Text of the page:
As artificial intelligence grows more and more advanced, a very big question arises: Could machines ever become conscious? Is it possible to build a brain capable of executing the same functions as that of a human brain? At every moment that we are conscious, the brain receives many signals, which it puts together into one unified experience, which is called awareness. This happens because the billions of neurons in our brains form intricate loops that allow a signal coming into the brain to travel through various parts of it. Some theories suggest that the more interconnected a brain is, the more consciousness it has. So, could we potentially build a machine with interconnected neurons that could be as conscious, or even more conscious than, a human? Personally, I never thought that was possible, which is why I was very happy to find a TED talk, conducted by neuroscientist Anil Seth, where he claimed that our conscious experience stems as much from the fact that we are living, breathing organisms as from our perception of the physical world, which is all just a hallucination anyway.
Think about the brain for a second. The brain is locked up in our skull and the only information about the outside world that is receives is through electrical impulses traveling through neurons. Our eyes do not actually “see” anything, nor do our ears actually “hear” anything. The model of the world is actually created by the brain’s best prediction about the causes of these neural signals. How can we tell if this informed guesswork is even correct? These expectations stem from prior knowledge about how the world should behave, created over millions of years of evolution and imprinted into our brains so much so that we cannot see the world any differently. This means that our lives are based off of a series of controlled hallucinations, which we all agree on calling reality: “We don’t passively perceive the world, we actively generate it.” But this kind of guesswork also occurs in the consciousness of our inner self: the control and regulation of our inner organs, The brain does not see the organs, but its ability to make a prediction about their states is a subset of the same consciousness that makes guesses about the outside world. And just like our brain’s ability to regulate organs stems from the basic human need of survival, our hallucinations of the world come from our need to live in the most comfortable way we possibly can within it.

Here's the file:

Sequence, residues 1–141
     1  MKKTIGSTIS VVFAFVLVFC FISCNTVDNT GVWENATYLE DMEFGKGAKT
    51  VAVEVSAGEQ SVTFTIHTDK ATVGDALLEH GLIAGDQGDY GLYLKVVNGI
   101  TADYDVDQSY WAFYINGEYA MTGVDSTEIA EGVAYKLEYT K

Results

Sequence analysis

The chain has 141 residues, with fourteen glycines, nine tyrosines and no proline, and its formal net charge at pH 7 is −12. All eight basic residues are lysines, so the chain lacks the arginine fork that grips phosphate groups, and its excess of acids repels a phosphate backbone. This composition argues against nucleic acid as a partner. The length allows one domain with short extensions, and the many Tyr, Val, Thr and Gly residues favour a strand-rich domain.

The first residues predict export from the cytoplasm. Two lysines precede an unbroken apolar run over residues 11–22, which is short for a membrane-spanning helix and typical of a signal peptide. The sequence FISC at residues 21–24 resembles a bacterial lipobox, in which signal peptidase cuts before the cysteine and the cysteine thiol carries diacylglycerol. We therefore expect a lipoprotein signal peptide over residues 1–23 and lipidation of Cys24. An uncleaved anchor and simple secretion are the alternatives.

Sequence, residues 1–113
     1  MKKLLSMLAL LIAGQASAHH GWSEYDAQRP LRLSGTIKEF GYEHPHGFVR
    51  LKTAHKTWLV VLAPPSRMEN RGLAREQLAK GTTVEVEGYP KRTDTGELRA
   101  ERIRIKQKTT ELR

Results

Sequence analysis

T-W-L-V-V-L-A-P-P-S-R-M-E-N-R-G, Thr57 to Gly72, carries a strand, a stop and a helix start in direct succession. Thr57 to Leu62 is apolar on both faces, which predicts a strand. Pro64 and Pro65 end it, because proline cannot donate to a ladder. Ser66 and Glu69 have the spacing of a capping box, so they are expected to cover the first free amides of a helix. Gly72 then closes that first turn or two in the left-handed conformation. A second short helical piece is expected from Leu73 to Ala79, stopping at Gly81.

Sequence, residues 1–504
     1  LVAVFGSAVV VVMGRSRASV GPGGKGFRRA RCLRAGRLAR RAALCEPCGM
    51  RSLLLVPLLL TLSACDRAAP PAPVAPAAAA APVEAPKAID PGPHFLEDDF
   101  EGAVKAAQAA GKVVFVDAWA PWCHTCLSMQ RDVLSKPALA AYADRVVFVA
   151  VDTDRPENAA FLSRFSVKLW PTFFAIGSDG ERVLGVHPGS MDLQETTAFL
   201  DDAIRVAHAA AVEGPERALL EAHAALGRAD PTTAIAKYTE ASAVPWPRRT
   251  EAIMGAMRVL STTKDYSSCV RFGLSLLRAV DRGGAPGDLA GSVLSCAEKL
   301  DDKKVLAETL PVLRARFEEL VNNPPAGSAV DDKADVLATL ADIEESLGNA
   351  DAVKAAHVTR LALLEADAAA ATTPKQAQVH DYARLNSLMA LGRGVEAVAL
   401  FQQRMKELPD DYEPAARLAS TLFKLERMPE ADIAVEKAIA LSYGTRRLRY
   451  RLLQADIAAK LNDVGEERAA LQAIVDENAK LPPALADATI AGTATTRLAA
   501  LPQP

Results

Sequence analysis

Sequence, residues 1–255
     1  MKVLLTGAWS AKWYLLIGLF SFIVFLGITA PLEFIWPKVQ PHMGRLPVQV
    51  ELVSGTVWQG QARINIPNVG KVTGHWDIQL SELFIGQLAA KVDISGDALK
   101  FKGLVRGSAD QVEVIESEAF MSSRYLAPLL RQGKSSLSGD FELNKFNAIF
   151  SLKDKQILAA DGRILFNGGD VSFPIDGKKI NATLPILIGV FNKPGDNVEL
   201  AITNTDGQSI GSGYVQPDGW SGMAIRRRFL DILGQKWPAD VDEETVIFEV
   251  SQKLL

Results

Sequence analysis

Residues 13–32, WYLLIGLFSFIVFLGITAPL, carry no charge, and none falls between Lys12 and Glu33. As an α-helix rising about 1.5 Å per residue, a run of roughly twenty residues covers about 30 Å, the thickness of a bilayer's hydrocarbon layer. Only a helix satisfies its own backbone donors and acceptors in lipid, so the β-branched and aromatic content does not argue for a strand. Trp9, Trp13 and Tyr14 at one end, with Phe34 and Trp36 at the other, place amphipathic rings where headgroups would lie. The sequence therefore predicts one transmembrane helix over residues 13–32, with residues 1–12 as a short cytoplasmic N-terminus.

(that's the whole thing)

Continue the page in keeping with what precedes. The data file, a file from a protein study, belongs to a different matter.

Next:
This got me thinking about other types of hallucinations: the types generated by mind-altering drugs that make our life in this world a little less than complacent, since we are not used to it. When someone takes such a drug, the sensory input from the outside world stays the same, but something in the way that the brain processes this information changes. But what is it that changes? Earlier in the year, I read a collection of interviews between Timothy Leary, the leading force behind the popularization of LSD in 1960s America, and some of the other important players during the era, such as Ram Dass and Ralph Meltzer. They all seemed to describe the psychedelic experience as an expanded state of consciousness with a heightened perception of the world. It was described as an out-of-body experience in regards to the freedom from, but also a large awareness of the hypocrisies of, the rules created by society and its institutions. Leary stated that it was a realization of the “mechanical puppetry of everything” and the realization that the normal conceptual models that humans carry are “reducing valves imposed by finite consciousness upon an infinite,” which turns reality into a manageable ordeal. The reality presented by drugs went beyond self-awareness; it was a widened scope of the world.
But, if the impulses are all the same, how is all this even possible? Apparently, our brains not only evolved to have controlled hallucinations, but it also evolved to filter out “unnecessary” information to take out in order to make our lives even more easier. Psychedelic drugs reroute the brain so that more impulses can go through. This makes me wonder whether hallucination is really about not seeing things that are there as opposed to seeing that are not there. How does the real world really look like? And is it so scary and horrible that some people, after an acid trip, are never really the same again?
The TED Talk: Your Brain Hallucinates your conscious reality